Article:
Making Restaurants more Sustainable?

Hello!

I’m seeking opinions on whether or not something is green washing or not. I live in the northeast, and my mother is working to make restaurants more sustainable. A big dilemma she’s in is that all the sustainable replacement for paper/plastic cups and other single use disposables are at least double the price, and I’m not even sure how much of an impact they have.

I live in the northeast US, so there is no commercial composting available on this side of the country. So all “compostable” options just get thrown away and sent to the landfill. Which I’ve heard can be even worse than plastic due to the methane released. But I also think it’s a positive factor that these sustainable items are generally being made from renewable sources, so at least it’s not supporting the production of brand new plastics, and creating micro plastics? I’m still not sure if the pros outweigh the cons though to make the price worth it.

I know that finding ways to get people to reuse things is the best, also starting a petition in the city to start a composting program and helping educate the community is a good idea.

Do you have any experience with this that can maybe help my mother?

Thank you guys!

1 Like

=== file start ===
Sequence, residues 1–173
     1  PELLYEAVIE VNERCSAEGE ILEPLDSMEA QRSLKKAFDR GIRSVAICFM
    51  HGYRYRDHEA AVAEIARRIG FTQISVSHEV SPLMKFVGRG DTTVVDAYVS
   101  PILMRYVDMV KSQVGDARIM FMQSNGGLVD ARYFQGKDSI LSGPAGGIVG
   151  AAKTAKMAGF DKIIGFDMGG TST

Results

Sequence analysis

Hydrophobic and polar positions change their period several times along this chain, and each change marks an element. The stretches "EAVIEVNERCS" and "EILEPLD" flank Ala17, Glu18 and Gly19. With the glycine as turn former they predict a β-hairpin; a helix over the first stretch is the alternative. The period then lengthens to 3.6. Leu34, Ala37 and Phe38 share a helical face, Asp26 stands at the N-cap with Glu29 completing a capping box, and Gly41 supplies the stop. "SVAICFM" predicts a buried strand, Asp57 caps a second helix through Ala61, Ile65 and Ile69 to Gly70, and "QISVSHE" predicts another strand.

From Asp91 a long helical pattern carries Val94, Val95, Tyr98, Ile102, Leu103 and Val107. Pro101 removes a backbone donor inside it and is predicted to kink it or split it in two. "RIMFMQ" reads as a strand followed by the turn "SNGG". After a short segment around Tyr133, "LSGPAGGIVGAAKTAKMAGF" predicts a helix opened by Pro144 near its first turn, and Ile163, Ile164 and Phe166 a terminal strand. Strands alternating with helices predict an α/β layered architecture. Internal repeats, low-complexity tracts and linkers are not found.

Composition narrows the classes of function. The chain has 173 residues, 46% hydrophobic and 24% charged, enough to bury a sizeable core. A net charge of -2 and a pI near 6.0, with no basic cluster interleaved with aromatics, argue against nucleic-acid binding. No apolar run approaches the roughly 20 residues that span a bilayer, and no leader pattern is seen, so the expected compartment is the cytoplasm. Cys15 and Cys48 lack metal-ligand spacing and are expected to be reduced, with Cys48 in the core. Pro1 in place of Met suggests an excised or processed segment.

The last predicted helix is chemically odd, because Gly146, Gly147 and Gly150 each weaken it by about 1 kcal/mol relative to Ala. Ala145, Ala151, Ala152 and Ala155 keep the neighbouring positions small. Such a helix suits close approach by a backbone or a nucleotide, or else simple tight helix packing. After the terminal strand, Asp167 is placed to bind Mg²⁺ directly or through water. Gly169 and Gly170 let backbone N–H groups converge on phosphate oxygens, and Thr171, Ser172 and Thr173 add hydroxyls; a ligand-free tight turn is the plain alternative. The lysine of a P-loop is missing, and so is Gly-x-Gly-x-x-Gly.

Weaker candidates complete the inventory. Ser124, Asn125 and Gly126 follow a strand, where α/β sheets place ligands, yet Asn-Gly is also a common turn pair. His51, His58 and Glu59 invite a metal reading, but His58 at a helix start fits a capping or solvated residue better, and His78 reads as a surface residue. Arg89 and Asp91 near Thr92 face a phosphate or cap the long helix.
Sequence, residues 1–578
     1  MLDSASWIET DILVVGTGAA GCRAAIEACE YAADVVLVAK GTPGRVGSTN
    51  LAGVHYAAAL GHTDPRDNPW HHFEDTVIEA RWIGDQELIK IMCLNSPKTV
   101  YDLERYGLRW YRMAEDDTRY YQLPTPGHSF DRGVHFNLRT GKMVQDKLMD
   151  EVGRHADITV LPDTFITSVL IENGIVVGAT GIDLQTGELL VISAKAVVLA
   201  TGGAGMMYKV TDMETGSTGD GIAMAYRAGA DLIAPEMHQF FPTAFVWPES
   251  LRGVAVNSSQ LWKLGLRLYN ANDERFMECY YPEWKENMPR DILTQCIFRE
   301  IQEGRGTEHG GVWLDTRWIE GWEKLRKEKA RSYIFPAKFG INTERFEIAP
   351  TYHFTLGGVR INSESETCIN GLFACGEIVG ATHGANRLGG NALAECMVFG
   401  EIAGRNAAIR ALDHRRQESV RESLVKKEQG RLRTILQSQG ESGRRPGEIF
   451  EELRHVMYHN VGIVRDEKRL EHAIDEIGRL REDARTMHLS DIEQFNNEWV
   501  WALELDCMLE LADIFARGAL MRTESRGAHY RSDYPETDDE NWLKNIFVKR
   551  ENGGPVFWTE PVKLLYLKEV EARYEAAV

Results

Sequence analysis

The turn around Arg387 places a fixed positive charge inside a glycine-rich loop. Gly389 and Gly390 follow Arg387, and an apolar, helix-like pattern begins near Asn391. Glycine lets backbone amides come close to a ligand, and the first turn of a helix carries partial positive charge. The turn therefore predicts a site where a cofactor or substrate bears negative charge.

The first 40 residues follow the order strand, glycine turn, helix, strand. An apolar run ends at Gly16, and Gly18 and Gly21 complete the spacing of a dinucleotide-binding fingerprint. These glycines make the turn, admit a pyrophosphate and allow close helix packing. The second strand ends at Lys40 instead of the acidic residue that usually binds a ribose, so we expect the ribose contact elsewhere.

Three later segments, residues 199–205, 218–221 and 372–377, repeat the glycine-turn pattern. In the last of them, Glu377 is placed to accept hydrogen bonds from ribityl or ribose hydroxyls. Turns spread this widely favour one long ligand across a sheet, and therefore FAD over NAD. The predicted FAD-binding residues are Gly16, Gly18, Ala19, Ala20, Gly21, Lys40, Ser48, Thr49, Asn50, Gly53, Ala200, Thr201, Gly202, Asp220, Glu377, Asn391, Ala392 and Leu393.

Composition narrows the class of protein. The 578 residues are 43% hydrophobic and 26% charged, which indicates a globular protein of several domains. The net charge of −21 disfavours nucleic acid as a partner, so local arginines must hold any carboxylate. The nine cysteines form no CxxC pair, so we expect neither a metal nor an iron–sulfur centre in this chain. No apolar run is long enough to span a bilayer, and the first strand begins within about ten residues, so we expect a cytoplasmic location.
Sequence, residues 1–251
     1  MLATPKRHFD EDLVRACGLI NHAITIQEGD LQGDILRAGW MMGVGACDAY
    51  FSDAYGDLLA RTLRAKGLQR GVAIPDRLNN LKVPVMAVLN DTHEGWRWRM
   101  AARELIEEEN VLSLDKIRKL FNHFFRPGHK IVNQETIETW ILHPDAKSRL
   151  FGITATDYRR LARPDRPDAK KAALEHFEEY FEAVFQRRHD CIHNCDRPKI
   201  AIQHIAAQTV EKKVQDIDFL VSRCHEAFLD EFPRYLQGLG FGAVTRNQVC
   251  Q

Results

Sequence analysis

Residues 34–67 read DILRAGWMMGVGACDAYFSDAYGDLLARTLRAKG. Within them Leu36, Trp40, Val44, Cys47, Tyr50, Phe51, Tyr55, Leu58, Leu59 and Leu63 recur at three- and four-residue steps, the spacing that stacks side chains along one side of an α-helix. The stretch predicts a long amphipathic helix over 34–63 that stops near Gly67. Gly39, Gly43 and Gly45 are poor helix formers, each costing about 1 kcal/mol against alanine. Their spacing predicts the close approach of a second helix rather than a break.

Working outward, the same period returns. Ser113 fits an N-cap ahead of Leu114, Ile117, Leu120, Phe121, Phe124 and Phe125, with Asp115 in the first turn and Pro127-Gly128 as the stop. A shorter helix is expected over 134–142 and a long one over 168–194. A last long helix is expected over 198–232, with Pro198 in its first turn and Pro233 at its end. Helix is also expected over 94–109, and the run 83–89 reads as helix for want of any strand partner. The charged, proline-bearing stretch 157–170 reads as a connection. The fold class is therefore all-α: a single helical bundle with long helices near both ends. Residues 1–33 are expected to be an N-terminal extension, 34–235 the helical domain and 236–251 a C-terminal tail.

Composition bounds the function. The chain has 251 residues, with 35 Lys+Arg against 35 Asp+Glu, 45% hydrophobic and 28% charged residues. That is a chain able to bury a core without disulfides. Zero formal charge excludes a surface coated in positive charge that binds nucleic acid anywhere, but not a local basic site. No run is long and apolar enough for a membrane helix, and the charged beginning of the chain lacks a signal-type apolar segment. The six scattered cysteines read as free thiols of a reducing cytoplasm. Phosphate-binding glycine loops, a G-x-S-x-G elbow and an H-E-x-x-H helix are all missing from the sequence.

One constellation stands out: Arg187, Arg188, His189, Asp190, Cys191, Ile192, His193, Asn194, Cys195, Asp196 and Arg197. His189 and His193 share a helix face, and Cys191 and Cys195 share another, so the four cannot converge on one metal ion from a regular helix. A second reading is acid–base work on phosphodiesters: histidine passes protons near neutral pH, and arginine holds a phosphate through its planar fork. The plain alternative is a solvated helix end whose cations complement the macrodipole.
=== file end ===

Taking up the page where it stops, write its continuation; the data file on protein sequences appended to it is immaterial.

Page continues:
There are many farms in my area that offer compost drop offs (sometimes even pickup!).
I would look into that and just networking with local farmers for wholesale produce, etc. https://compostnow.org isn’t in my area yet but you can check yours! Working with local farms cuts the middle man in the transportation process and you can also build a relationship with them - they take the compost, you buy the produce made by the compost. It’s a nice little closed loop system that enriches the community!

1 Like

My area is not in there, but I do compost in my own house and we use that to fertilise some of our plants, trees and flowers around our garden.

Restaurants can grow some of their own produce. I know of a chef who has been growing both exotic and endemic plants for use in his menu. Foraging is also possible and has been implemented by many restaurants for several years.

https://foodtank.com/news/2018/10/21-chefs-bringing-foraged-ingredients-to-the-table/

Easiest are the perennial herbs. Thyme, rosemary, and sage would be great candidates to start with. In my local market, they have rosemary in pots. They harvest fresh cuttings whenever someone buys from them. When enough cuttings have been harvested, they take away the pot for a new one and the other is sent back to the farm to regrow. Restaurants can easily do this even if they have little space. This has the benefit of the herbs being real fresh and do not come in little plastic trays.